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In Print

Keeper of the Dream and other poems
By R.C. Wood ’48, Rhodes Professor Emeritus of English. Magnolia, MS: Magnolia Gazette Publishing Corp. 133 pp. $24.95
The book is a collection of poems by Richard C. “Doc”, or “Arcy”, Wood, professor of English at Rhodes from 1967-88, a prolific author and current literary editor for the Magnolia Gazette, a newspaper co-owned by Luke Lampton ’88, a Magnolia, MS, family physician. “Many of the poems in this volume are theatrical, historical, illustrating the passage of time,” says Wood. “As a writer I become interested in an idea, a moment, a character, a place. I want to share these interests in hopes that the mysteries and moods arouse the spirit and engage the mind.”


The History of Financial Planning: The Transformation of Financial Services
By E. Denby Brandon Jr. ’50 and H. Oliver Welch. Hoboken: Wiley and Sons. 302 pp. $60
Co-authors Brandon and Welch, both certified financial planners (Brandon is chairman of Brandon Financial Planners Inc. in Memphis), offer the first book to chronicle the life and times of the financial planning industry, which has grown beyond the U.S. to other countries, particularly in the last 15 years. Brandon is the 2007 recipient of the P. Kemp Fain Award, the top annual honor of the Financial Planning Association, and was inducted into the Robert E. Musto Tennessee Insurance Hall of Fame in 2009.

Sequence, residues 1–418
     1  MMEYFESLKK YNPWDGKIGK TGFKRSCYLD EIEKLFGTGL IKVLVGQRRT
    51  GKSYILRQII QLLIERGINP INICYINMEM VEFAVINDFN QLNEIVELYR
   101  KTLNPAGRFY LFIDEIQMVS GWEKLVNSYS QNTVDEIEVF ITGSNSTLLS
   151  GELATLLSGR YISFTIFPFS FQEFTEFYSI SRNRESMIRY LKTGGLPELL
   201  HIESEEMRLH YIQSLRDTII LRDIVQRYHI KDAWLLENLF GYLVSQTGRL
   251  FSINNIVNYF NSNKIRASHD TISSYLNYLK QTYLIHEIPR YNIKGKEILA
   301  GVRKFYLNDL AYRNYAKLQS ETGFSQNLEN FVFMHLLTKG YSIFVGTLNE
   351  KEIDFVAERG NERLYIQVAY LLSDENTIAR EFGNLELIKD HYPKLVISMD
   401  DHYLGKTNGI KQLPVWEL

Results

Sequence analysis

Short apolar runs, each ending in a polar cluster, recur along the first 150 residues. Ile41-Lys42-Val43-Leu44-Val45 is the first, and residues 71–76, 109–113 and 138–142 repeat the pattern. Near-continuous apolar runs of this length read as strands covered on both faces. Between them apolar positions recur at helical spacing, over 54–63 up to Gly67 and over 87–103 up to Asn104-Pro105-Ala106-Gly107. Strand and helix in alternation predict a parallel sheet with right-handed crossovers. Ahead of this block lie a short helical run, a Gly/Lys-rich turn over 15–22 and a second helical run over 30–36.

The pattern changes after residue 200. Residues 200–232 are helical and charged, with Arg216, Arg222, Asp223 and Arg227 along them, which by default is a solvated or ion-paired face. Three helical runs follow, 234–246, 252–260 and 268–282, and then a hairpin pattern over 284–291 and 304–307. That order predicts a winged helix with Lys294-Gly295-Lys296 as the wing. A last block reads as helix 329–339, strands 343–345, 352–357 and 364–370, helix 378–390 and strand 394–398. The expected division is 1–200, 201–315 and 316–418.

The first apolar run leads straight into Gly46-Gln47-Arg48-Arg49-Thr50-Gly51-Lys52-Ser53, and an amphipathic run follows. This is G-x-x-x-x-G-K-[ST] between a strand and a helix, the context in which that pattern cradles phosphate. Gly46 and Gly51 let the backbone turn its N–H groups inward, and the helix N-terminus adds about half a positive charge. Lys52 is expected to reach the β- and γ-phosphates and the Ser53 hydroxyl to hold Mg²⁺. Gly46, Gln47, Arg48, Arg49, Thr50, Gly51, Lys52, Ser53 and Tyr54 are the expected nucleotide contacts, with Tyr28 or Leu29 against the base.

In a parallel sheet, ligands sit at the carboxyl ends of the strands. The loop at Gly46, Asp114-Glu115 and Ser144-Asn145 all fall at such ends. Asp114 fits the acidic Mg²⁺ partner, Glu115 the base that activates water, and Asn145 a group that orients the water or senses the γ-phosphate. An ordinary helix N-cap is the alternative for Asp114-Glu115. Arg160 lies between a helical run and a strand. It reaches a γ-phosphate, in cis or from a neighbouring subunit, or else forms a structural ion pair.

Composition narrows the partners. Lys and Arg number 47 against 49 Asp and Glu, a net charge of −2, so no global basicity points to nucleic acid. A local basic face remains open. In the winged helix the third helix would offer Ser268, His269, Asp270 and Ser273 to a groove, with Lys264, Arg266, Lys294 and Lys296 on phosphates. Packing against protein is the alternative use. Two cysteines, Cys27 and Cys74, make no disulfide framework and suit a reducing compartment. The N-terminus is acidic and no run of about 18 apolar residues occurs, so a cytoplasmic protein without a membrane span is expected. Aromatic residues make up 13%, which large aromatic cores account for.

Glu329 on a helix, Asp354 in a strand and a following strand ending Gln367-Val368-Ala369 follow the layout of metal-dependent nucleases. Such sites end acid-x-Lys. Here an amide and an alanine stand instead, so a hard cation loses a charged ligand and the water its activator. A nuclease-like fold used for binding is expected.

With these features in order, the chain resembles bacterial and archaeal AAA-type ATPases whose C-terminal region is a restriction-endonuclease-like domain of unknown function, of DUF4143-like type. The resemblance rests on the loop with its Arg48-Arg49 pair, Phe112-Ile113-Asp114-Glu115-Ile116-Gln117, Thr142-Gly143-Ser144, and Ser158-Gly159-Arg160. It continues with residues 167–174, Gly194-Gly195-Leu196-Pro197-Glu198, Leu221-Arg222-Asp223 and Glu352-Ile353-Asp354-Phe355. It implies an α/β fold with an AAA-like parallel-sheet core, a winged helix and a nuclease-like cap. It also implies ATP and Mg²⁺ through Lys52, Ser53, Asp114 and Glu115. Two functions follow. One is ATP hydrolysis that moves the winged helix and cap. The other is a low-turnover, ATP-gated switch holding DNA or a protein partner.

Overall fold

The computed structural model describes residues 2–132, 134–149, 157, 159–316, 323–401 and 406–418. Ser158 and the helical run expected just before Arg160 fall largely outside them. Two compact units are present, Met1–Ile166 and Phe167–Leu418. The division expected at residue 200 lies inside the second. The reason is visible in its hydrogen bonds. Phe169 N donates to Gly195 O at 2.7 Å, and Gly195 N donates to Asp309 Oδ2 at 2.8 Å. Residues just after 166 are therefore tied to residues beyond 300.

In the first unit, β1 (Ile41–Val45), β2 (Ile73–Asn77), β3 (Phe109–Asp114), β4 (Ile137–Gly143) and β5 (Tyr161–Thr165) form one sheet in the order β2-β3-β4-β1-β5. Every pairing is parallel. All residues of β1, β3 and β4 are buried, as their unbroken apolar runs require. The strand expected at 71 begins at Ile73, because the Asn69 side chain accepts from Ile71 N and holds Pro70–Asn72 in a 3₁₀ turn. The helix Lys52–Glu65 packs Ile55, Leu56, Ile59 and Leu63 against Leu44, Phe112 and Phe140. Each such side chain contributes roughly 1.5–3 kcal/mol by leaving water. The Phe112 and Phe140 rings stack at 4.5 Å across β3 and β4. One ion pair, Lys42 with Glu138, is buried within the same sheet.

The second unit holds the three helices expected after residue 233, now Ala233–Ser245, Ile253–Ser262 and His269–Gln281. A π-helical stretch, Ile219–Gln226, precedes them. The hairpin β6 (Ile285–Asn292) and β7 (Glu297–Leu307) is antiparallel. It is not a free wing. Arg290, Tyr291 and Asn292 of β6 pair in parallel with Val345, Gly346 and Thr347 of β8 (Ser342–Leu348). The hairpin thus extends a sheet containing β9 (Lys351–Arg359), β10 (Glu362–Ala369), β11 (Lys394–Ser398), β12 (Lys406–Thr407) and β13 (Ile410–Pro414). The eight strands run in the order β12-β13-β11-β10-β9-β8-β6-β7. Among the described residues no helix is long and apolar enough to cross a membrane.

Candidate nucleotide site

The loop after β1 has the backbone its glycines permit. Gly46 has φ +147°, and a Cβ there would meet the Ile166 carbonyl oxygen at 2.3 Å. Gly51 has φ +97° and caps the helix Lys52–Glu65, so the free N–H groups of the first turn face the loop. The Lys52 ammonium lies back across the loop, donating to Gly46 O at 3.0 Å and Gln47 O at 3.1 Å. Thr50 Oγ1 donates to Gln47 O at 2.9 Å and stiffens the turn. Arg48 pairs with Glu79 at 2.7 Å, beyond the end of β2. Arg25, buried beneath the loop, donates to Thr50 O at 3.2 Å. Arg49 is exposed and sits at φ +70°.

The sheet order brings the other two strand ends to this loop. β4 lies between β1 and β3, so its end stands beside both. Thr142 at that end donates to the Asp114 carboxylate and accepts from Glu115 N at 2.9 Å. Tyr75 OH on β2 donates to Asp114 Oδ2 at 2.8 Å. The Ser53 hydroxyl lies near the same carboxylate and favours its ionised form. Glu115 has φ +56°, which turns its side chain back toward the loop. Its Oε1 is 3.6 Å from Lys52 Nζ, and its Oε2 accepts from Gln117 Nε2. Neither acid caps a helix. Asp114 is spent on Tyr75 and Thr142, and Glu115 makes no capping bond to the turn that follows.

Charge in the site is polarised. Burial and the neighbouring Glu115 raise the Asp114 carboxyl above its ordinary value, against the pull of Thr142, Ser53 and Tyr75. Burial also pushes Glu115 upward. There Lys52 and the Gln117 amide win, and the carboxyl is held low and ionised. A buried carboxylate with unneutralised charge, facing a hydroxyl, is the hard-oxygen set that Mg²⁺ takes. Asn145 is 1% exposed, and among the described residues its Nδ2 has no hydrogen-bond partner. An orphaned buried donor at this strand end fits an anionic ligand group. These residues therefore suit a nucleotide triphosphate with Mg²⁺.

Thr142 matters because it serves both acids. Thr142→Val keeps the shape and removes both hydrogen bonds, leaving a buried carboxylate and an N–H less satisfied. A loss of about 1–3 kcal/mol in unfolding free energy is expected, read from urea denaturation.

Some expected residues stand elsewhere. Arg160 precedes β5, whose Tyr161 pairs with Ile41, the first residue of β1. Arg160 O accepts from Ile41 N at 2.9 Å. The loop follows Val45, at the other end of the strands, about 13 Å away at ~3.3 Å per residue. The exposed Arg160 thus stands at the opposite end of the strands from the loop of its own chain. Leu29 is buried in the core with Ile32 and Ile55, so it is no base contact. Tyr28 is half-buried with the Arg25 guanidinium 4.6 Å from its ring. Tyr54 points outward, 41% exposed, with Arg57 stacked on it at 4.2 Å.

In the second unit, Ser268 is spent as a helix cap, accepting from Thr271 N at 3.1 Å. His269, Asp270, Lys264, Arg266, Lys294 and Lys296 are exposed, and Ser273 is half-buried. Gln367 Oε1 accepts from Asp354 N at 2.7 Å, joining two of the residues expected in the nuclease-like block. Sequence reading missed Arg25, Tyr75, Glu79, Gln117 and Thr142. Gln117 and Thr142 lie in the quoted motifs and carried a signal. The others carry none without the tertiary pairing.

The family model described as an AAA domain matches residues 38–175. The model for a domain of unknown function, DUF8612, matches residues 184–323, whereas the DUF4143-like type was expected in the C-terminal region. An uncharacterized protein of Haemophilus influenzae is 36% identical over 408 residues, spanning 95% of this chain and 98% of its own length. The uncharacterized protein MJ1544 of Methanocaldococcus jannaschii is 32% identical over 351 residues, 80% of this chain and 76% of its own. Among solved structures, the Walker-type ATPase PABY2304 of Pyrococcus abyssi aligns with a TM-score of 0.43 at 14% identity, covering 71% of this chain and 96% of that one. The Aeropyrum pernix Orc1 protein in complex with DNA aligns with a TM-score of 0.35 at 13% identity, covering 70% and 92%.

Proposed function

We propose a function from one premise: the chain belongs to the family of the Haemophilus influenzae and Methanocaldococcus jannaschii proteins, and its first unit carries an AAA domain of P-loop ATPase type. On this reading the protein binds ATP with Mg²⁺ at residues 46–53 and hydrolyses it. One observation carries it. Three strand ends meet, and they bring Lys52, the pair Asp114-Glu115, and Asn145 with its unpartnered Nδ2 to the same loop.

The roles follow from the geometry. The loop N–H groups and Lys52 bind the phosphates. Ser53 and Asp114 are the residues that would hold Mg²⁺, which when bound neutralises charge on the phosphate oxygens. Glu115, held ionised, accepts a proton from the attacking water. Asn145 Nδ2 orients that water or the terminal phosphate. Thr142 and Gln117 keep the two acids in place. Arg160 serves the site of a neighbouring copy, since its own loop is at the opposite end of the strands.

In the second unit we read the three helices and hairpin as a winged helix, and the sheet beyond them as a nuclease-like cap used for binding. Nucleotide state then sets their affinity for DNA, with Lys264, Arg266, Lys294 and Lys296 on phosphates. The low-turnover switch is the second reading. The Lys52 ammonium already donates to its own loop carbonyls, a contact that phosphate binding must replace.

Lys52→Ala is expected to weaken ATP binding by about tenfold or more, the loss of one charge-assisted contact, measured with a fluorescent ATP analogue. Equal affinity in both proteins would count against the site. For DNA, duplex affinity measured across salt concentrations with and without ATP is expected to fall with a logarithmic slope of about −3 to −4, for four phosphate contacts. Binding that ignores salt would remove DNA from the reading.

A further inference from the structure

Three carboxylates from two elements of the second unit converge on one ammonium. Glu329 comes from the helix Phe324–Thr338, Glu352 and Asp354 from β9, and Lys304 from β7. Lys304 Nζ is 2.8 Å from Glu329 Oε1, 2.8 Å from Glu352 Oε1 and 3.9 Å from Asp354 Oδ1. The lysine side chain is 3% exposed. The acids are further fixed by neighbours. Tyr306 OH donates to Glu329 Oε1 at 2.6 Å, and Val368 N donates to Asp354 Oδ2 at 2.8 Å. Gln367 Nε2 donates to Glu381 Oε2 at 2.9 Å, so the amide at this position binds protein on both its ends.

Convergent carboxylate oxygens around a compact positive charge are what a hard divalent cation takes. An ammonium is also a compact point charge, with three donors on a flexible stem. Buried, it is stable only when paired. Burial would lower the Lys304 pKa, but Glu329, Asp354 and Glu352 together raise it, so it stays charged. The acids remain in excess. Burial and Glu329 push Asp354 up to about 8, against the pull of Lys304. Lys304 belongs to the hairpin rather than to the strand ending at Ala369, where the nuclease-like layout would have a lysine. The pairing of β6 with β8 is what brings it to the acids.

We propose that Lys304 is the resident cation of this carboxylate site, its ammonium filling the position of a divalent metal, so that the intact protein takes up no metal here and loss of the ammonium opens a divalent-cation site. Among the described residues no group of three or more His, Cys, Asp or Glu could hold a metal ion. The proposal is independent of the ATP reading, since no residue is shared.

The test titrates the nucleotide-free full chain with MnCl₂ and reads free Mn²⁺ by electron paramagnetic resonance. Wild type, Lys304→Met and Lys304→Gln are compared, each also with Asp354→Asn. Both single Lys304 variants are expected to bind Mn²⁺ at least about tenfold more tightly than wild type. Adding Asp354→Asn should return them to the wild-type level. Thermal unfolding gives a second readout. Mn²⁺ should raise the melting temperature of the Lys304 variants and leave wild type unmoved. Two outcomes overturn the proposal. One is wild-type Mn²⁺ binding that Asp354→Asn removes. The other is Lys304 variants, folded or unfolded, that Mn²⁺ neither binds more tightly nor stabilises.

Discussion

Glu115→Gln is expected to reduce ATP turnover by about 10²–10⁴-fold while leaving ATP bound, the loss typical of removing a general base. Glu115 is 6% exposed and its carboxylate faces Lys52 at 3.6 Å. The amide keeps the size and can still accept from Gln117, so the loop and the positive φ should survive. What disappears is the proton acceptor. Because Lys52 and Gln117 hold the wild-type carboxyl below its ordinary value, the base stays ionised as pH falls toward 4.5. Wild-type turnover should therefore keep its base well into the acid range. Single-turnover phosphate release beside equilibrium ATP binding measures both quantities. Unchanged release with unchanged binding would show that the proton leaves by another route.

The Scholar and the Tiger
By David W. Chang ’55 with Alden Carter. Lanham, MD: Rowman & Littlefield. 200 pp. $34.95
David Chang, noted China scholar and Rosebush Professor of Political Science emeritus at the University of Wisconsin-Oshkosh, and freelance writer Carter have written a compelling family saga, thriller, social history and spiritual journey, bringing to life a tumultuous period in 20th-century Chinese history while providing surprising insights into China’s emergence as a global power.                                                                                                                                                                                                                                                                                         

Eleanor of Aquitaine: Queen of France, Queen of England
By Ralph V. Turner ’57. New Haven: Yale University Press. 416 pp. $35 Ralph Turner, emeritus professor of history, Florida State University, has written a definitive account of the most important queen of the Middle Ages. Turner, a leading historian of the 12th century, strips away the myths that have accumulated around Eleanor and challenges the accounts that relegate her to the shadows of the kings she married and bore. Turner focuses on a wealth of primary sources, including a collection of Eleanor’s own documents not previously accessible to scholars, and portrays a woman who sought control of her own destiny in the face of forceful resistance.                                                            

Evergreen: Decorating with Colours of the Season
By Jill Fuzy Helmer ’77, John Grady Burns and Kathy Stewart. Atlanta: Collaborators Publishing. 224 pp. $50
Two Atlanta floral designers, Helmer and Burns, and Helmer’s sister, Kathy Stewart, created this sumptuous book of holiday home decor. Several years in the making, the work boasts color photographs on every page depicting seemingly every aspect of decorating for the winter holidays. Helmer, who heads Jill Siegel Designs, has worked in floral design for 20 years.